5 common mistakes for first home buyers to avoid
I remember back to when all I wanted was to own my first home. In my naivety I thought that all you had to do was find a house you liked, plug the figures into a mortgage repayment calculator and see if you could afford it. If you could, you bought the house, and lived happily ever after!
Unfortunately for me that wasn’t the case, so reality hit pretty quickly. Lets just say my first home purchase was not what you’d say dreams were made of!
The fortunate part of the story is that the whole experienced opened my eyes for future purchases and probably played an integral part of my becoming a buyers agent, with a soft spot for First Home Buyers.
Here’s some common mistakes to avoid, which may help you from repeating the same mistake I made!
Becoming too emotional
Falling in love with a property is perfectly normal, but it can hinder your thought process. Making decisions based on your emotions could see you paying more for your dream home, or possibly cause you to overlook important issues.
When inspecting a property have a list of things that are most important to you, i.e schools or public transport. But also include items to inspect like lighting, mould, sagging ceilings and uneven door frames. Additionally, a pest and building report should be done before signing anything.
If the buying process feels a little overwhelming, this may be the perfect time to consider hiring a buyer’s agent.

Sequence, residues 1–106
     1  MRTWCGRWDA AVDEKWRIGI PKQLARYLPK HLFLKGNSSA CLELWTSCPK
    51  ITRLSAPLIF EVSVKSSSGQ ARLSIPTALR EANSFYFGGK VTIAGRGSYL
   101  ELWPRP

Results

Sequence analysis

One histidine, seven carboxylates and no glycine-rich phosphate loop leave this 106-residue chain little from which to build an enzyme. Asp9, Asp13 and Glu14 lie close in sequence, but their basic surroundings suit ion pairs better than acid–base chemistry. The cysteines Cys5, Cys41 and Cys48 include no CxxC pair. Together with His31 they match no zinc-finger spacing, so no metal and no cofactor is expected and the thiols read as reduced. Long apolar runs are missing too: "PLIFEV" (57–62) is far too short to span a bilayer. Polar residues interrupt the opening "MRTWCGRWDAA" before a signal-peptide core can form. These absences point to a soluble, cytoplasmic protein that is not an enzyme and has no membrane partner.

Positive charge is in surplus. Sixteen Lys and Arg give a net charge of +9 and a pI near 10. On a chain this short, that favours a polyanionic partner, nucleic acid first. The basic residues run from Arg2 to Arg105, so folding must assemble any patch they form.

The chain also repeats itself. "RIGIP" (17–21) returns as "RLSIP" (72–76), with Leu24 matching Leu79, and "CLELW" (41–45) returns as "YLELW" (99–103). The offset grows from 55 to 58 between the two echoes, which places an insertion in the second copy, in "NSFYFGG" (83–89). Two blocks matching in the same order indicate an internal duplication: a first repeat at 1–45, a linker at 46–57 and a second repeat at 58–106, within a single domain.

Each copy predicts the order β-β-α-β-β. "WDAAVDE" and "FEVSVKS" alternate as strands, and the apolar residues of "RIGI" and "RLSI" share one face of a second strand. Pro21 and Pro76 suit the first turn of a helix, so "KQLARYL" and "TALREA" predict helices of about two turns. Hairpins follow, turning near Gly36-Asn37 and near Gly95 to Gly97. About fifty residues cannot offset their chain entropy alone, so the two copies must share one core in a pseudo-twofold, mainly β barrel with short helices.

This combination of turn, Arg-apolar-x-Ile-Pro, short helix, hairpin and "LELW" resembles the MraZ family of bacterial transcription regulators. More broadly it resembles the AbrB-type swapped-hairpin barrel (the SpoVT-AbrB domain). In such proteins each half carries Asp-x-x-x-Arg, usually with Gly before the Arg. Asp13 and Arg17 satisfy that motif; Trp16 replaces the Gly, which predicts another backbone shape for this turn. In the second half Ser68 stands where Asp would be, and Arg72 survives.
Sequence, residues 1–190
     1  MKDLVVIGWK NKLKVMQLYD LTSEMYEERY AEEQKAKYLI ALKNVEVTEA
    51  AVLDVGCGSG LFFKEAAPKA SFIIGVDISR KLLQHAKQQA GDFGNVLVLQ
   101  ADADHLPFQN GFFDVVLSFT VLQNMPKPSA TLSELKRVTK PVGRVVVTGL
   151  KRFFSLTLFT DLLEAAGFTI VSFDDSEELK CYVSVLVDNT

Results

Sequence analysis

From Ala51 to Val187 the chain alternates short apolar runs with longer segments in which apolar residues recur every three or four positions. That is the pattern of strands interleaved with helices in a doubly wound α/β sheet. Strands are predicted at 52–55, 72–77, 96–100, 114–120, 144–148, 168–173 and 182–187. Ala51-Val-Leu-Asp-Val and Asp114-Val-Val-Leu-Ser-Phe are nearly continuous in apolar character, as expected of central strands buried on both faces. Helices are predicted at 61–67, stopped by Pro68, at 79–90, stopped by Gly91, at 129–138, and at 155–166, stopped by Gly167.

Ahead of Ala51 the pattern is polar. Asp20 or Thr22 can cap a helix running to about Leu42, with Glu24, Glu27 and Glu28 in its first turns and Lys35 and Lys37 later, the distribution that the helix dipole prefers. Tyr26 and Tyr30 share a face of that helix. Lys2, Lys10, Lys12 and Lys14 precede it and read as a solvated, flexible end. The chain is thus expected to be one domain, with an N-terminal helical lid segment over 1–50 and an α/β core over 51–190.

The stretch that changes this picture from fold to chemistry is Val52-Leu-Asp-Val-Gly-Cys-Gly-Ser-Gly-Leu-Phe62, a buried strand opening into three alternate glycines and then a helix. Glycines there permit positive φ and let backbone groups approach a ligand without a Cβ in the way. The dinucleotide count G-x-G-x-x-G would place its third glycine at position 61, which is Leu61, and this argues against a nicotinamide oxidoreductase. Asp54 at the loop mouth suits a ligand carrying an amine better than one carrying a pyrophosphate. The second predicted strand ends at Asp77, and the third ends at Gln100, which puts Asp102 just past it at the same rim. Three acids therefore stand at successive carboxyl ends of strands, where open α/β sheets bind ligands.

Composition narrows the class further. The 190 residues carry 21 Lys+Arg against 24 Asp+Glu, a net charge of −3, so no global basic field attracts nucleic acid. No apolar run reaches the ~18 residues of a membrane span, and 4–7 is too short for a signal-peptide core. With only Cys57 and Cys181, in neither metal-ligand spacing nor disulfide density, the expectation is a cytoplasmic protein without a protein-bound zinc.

Spending more than your budget
A home is a big investment and you want to make sure you can afford it in the long run. It’s easy to get swept up in the moment and thinking you can cut back on other parts of your budget to afford the house you’ve fallen in love with.
When crunching the numbers to determine your budget, make sure you’ve made allowances for extra costs such as stamp duty (varies from state to state), insurance and legal fees.
Don’t forget to factor, possible interest rate rises or changes to your circumstances in the future.
Even if you did have the extra money to invest, it’s always good to try to add extra money into your mortgage, rather than borrowing your maximum.
Just to give you an example if you had a $400,000 loan, your repayments were $400 per week, but you could put an extra $50 into your mortgage etc week on top of your loan repayment, you could cut over 5 years off your mortgage, and save an additional $70,000 in interested compared to if your repayments were $450 a week because you ad to borrow $440k to begin with.
Not doing your research
Don’t believe everything you’re told. The real estate agent will act in the best interests of the seller, it’s their job and they sign a contract t o say they will do just that. Even if you trust what the agent – or your friends and family – are telling you, it pays to do your own research and form your own conclusions.
Talk to other experts, get to know the neighbourhood demographic and familiarise yourself with how much similar properties in the same area have sold for.
Look into any planned developments for the area because that could impact the capital growth on the property or ability to rent/sell down the track.
It also pays to check the crime rate of the area. This not only gives you peace of mind, it could affect the cost of your insurances.
Not being prepared
Buying a home can sometimes be a race between Byers to the finish line.
This means you really need to have your finances sorted, pest and building reports completed and your contract looked over by a solicitor before signing on the dotted line.
Not getting professional help
There are so many variables when buying a house, so this is by no means a comprehensive list of what you should be checking or researching. It may seem like a luxury to hire a buyers agent, especially when you’ve spent so long saving every last dollar for a deposit, but that is exactly the reason to hire one. They save you money, save you time, save you stress, but most importantly, save you any costly mistakes!